Mental health advocates were delighted to read recent media reports stating that the Trump administration is researching several initiatives designed to improve treatment of the seriously mentally ill. These initiatives include researching the ability of personal technology to help people with mental illness, moving the homeless in California to government housing, and keeping guns from a small group of people with serious mental illness who are potentially violent.
But there are two much more important initiatives that should be on the table — and very well may be, if comments President Trump made in August are any indication. Those are increasing the number of psychiatric hospitals and reforming procedures for involuntary commitment (known as “civil commitment”).
According to the Treatment Advocacy Center, there is a nationwide shortage of at least 95,000 psychiatric hospital beds — and the shortage grows worse every year. President Trump proposed the right solution on Aug. 15: “I think we have to start building institutions again. … So many of these institutions were closed, and the people were just allowed to go onto the streets. And that was a terrible thing for our country,” he told reporters in New Jersey. He was also right in calling for civil commitment reform on Aug. 5; referring to people with serious mental illness who are potentially dangerous, he told reporters that we have to “make sure those people not only get treatment but, when necessary, involuntary confinement.”
To achieve his objective of increasing the number of hospital beds, President Trump should work with Congress to eliminate the Institutes for Mental Disease (IMD) Exclusion embedded in Medicaid. The IMD Exclusion prevents states from receiving Medicaid funds for seriously mentally ill adults when they reside in a state psychiatric hospital. The only way states can get Medicaid funds for hospitalized mentally ill adults is to kick them out of the psychiatric hospitals, at which point Medicaid will reimburse them for their care. Homelessness, arrest and incarceration are the inevitable results of evicting people from hospitals who need hospital care. It’s not fair and it’s not compassionate.
Those who claim that allowing Medicaid to fund psychiatric hospitalization will return us to the days of “snake-pit” hospitals are wrong. It was the lack of money that created the snake pits. Giving hospitals more money will enable them to deliver care that is truly therapeutic.
There are Democrats who agree with the president and should work with him. Rep. Eddie Bernice Johnson (D-Texas) is a former psychiatric nurse who worked on the front lines of the deinstitutionalization tragedy. She has proposed a bill to eliminate the IMD Exclusion. Democratic presidential candidates Sen. Amy Klobuchar (D-Minn.) and South Bend, Ind., Mayor Pete Buttigieg also have called for more beds and hopefully are willing to work with the Trump administration to achieve that.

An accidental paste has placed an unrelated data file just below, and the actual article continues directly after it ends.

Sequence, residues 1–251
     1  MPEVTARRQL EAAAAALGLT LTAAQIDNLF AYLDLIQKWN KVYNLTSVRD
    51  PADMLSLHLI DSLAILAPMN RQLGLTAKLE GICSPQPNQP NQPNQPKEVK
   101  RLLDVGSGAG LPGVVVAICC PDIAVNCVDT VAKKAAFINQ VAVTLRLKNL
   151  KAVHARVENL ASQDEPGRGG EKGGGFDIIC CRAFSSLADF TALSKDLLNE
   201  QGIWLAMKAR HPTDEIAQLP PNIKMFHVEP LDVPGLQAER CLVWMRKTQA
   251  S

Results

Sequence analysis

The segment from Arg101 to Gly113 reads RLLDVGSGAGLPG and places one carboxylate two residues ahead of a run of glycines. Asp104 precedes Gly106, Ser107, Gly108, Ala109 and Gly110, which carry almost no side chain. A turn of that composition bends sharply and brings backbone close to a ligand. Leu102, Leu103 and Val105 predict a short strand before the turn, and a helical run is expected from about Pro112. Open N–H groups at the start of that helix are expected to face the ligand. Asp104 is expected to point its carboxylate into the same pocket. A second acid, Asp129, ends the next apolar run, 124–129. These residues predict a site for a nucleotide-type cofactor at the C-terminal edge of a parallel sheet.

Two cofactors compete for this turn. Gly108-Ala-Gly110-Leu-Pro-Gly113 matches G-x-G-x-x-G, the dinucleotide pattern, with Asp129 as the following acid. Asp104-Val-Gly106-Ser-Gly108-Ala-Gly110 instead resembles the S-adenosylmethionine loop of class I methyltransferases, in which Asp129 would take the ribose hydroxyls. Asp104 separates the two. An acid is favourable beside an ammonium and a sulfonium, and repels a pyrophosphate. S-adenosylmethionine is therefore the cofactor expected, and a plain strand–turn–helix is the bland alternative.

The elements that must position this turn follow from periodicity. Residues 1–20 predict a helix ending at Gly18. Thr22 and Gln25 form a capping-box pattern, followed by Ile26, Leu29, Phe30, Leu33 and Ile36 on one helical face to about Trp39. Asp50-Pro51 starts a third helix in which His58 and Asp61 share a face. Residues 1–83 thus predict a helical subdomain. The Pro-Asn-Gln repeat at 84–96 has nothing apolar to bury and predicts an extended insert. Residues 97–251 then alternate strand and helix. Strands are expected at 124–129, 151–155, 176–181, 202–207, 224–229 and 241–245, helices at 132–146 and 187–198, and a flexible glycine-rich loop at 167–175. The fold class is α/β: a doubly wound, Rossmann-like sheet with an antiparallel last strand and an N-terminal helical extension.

When it comes to civil commitment, the most important change that President Trump can propose is increasing the use of assisted outpatient treatment (AOT), a procedure that allows judges — after full due process — to commit the few seriously mentally ill who are historically and potentially dangerous to stay in up to one year of outpatient treatment, often including medications, while they continue to live uninstitutionalized in the community. Outpatient commitment is less expensive and less restrictive than inpatient commitment.
Extensive research in multiple localities shows AOT decreases homelessness, arrest, incarceration and hospitalization in the 70-percent range. Mass violence, which has been in the headlines recently, is so rare that no one knows if AOT would reduce it — but AOT clearly can help reduce violence in general. One important study found individuals in AOT were four times less likely to commit violence than similar individuals who were not in AOT. That explains why expansion of AOT is supported by advocates for the seriously mentally ill, the National Sheriffs’ Association, the International Association of Chiefs of Police, the U.S. Conference of Catholic Bishops, the Department of Justice, the Agency for Healthcare Research and Quality (AHRQ), and many in the public and in urban business groups.
It is true that some mental health program directors oppose AOT laws. But that’s likely because AOT laws could require their programs to accept the most seriously ill, thus threatening their ability to cherry-pick the highest-functioning individuals to serve. But when it comes to homelessness, arrest and violence, refusing to serve the seriously ill is part of the problem. And AOT can help solve it.
The Substance Abuse and Mental Health Services Administration (SAMHSA) has a report that shows the AOT pilot programs it funds are effective, but it has not released that report. President Trump should order the report to be released. Next, the president and Congress should robustly fund AOT by setting aside 10 percent of the $722 million mental health block grant to fund AOT programs. That could increase the use of AOT at no additional cost to the government.
Both Democrats and Republicans agree that something has to be done to reduce violence and help the 140,000 seriously mentally ill who are homeless and the 400,000 who are incarcerated. By calling for more psychiatric hospitals and civil-commitment reform, President Trump has given both parties a road map for how to do it.
This piece originally appeared at The Hill
DJ Jaffe is an adjunct fellow at the Manhattan Institue, executive director of Mental Illness Policy Org., and author of Insane Consequences: How the Mental Health Industry Fails the Mentally Ill.
Photo: Chip Somodevilla/Getty Images